3. Interviewing a domestically trafficked minor in an environment conducive to her status as a victim
and a minor, such as at a social service agency or office, rather than an interview room used for
suspects.
4. Being cognizant of the crime of domestic minor sex trafficking when deciding on where to conduct
interviews. For example, it is inappropriate for a child who has been commercially sexually
exploited to be interviewed in a hotel or motel given that the minor has likely been raped in such an
environment.
5. Having experienced interviewers or a survivor of sex trafficking either conduct or be present at the
interview can assist in establishing trust. These professionals understand the dynamics of pimp
control and the resulting behavior, such as trying to manipulate their way out of the situation or
refusing help, and viewing law enforcement and social services as enemies.
6. Gender-appropriate interviewing is vital; however, this does not mean that a uniform protocol must
be set (i.e. a woman always interviews a girl or a male always interviews a boy). Rather, gender
dynamics must be accounted for and assessed in that particular situation.
7. Weapons and uniforms are likely to trigger defense mechanisms and should not be worn while
interviewing a potential victim.
8. Using language that is relevant to the victim such as identifying and asking about her “boyfriend”
before labeling him as a trafficker/pimp.
Victim-witness interviews require the same sensitivity during the investigation phase as well as the
prosecution phase. Prosecutors reported a preference for live testimony from the child victim in court.
Some prosecutors stated it was required under Crawford v. Washington, a federal court decision holding
that testimonial statements made outside of court proceedings are not admissible unless the person who
made the statement is unavailable for testimony at the trial and the defense has had a prior opportunity
to cross-examine the declarant.183 Even in those locations with child advocacy centers capable of closed
circuit testimony for sexual abuse victims, this victim-friendly technology was not accessed in cases
involving commercially sexually exploited children. This was noted as a gap in protecting the child victimwitness in the investigation and prosecution phase.
183
Wade, Domestic Minor Sex Trafficking Assessment Report — Independence, Missouri, pg. 55, citing Crawford v. Washington,
541 U.S. 36. 2004.
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Creating Accountability through Procedures and Protocols
A common theme in all ten assessments was a lack of understanding throughout all professional groups
of who had responsibility for domestically trafficked minors. Law enforcement participants stated
that protection of victims is the job of child protective services as familial neglect is usually involved;
however, child protection workers unequivocally state that victim protection is the responsibility of law
enforcement. The result in far too many cases is an abdication of responsibility for the protection of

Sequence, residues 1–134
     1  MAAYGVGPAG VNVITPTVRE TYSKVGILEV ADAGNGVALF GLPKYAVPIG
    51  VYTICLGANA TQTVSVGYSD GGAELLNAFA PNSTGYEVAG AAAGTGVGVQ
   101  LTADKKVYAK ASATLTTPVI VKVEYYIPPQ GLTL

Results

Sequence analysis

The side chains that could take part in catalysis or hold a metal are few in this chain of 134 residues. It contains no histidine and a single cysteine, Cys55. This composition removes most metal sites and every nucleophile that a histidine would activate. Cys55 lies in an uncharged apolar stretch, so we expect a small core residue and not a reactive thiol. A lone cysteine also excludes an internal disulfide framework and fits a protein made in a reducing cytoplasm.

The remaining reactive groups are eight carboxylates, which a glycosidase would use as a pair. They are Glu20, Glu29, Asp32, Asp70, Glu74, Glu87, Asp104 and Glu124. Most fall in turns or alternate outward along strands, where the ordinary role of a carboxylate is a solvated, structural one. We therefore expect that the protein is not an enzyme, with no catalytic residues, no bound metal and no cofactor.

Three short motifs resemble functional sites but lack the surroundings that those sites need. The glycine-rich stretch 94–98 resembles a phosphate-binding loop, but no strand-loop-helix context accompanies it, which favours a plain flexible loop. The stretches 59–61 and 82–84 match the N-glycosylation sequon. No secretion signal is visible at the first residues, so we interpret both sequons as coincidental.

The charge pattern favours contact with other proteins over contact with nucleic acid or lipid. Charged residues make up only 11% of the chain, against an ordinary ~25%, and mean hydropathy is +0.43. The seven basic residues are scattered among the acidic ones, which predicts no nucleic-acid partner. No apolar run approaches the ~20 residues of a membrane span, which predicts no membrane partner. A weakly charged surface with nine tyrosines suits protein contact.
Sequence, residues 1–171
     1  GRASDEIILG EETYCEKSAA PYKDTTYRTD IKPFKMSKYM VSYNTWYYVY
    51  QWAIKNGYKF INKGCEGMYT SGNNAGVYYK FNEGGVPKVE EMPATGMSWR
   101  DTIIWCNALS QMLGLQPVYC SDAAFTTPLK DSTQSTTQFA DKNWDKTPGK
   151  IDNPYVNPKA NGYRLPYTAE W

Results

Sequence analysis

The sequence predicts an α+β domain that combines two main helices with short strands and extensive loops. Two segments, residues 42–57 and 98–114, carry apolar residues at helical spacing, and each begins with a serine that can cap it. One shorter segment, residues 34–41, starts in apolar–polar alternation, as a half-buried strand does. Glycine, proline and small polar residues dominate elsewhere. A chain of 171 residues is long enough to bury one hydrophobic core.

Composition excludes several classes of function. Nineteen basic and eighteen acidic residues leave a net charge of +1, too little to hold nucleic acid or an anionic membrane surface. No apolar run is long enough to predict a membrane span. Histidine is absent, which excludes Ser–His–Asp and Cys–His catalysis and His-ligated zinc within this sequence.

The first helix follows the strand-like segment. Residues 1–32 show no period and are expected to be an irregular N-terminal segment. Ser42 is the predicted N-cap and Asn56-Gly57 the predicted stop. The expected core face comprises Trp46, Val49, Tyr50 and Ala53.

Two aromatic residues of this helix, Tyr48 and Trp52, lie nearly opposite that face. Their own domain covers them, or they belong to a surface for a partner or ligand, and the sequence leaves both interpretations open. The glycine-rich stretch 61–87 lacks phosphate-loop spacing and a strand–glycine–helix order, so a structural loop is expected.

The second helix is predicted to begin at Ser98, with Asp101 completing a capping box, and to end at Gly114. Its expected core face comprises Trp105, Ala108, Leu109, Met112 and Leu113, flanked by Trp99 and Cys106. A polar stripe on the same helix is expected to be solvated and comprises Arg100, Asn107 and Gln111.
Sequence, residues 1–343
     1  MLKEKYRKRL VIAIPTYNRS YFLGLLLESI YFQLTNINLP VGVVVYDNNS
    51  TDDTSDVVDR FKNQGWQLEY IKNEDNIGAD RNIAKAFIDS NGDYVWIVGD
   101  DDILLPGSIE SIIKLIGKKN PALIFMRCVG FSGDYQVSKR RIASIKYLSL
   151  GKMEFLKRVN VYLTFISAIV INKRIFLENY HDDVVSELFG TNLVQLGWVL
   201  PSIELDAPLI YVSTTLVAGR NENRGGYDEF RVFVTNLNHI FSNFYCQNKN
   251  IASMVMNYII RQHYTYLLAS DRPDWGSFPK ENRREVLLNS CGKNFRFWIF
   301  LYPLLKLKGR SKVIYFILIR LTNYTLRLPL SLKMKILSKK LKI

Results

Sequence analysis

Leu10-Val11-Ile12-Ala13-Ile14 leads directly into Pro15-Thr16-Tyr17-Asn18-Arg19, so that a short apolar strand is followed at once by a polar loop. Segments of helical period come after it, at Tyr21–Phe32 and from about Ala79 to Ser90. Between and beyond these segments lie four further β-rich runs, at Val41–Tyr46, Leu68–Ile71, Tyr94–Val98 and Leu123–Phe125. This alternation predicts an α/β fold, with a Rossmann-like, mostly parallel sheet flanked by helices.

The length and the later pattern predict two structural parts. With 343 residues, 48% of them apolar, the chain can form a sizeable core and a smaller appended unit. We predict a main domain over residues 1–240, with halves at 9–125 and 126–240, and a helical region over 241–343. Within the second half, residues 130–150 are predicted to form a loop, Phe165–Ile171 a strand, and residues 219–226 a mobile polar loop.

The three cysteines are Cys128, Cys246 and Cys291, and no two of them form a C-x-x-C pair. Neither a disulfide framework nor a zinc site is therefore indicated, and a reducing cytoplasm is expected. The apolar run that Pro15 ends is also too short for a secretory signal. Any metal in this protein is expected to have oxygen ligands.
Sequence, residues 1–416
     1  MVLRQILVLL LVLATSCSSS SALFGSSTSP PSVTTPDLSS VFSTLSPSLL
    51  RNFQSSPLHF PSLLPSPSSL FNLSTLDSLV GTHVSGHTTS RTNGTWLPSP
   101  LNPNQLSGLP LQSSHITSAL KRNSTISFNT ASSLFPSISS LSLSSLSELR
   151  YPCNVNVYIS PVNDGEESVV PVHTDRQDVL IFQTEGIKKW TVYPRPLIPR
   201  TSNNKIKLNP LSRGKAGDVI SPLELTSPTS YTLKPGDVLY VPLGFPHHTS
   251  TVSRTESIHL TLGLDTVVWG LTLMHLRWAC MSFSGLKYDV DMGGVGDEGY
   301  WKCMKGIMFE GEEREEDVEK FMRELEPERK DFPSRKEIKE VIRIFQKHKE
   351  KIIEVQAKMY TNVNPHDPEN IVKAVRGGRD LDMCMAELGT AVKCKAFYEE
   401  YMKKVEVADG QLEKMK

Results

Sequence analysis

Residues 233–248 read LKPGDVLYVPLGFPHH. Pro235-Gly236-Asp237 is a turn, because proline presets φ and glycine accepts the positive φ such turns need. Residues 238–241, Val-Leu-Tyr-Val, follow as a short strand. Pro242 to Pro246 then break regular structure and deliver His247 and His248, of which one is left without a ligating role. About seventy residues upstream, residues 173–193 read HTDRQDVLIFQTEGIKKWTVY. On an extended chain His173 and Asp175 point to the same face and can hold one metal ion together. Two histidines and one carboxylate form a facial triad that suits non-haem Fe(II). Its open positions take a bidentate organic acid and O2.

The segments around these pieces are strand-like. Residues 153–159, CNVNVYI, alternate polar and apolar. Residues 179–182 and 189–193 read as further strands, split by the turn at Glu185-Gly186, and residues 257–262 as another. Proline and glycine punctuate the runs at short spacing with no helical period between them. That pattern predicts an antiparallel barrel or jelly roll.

domestically trafficked minors.
The same issue arises when either shelter or services for domestically trafficked minors is addressed.
Similarly, social service providers and non-governmental organizations stated that they do not have the
legal ability to provide long-term care for victims of domestic minor sex trafficking, as they cannot acquire
custody of the child. Therefore, many social service agencies pointed to the fact that long-term care is the
responsibility of child protective services. Unfortunately, child protective service agencies stated that their
mandate does not extend to the majority of these children and a lack of resources hinder their ability to
address those that do. Once again, this results in no clear responsible agency providing long-term care to
sexually trafficked youth.
The Dallas Police Department’s Child Exploitation/High Risk Victims/Human Trafficking Unit has
a promising practice working to address this lack of accountability and responsibility. The CE/HRV/
HT Unit assigns a highly trained detective to a potential case of domestic minor sex trafficking. That
detective is then assigned to that child every time the child comes into contact with the Dallas Police
Department. This protocol works to create a bond between the victim and detective and facilitates
disclosures. Furthermore, the assigned detective is responsible for contacting child protective services and
other needed entities — thus, creating a “paper trail” that can be used to hold groups accountable. These
procedures and protocols have had profound success in Dallas, but require significant investment by both
the detectives and upper-level management.
A similar protocol has worked in Boston as well, where a specific caseworker has been assigned to
work with all domestically trafficked minors. The purpose of the caseworker is to facilitate the minor’s
interactions with various agencies, such as the police department, child protective services, and juvenile
justice. This point person helps the minor negotiate these complex systems engendering trust between
the minor and the caseworker. This arrangement also brings accountability for the minor’s rescue and
restoration.
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Chapter 7: Shelter and Services
The country-wide lack of protective shelter and specialized services is responsible for
the re-victimization and criminalization of domestic minor sex trafficking victims.
Trauma bonds, pimp control, threats against family members or the victim, and stigma, cause the majority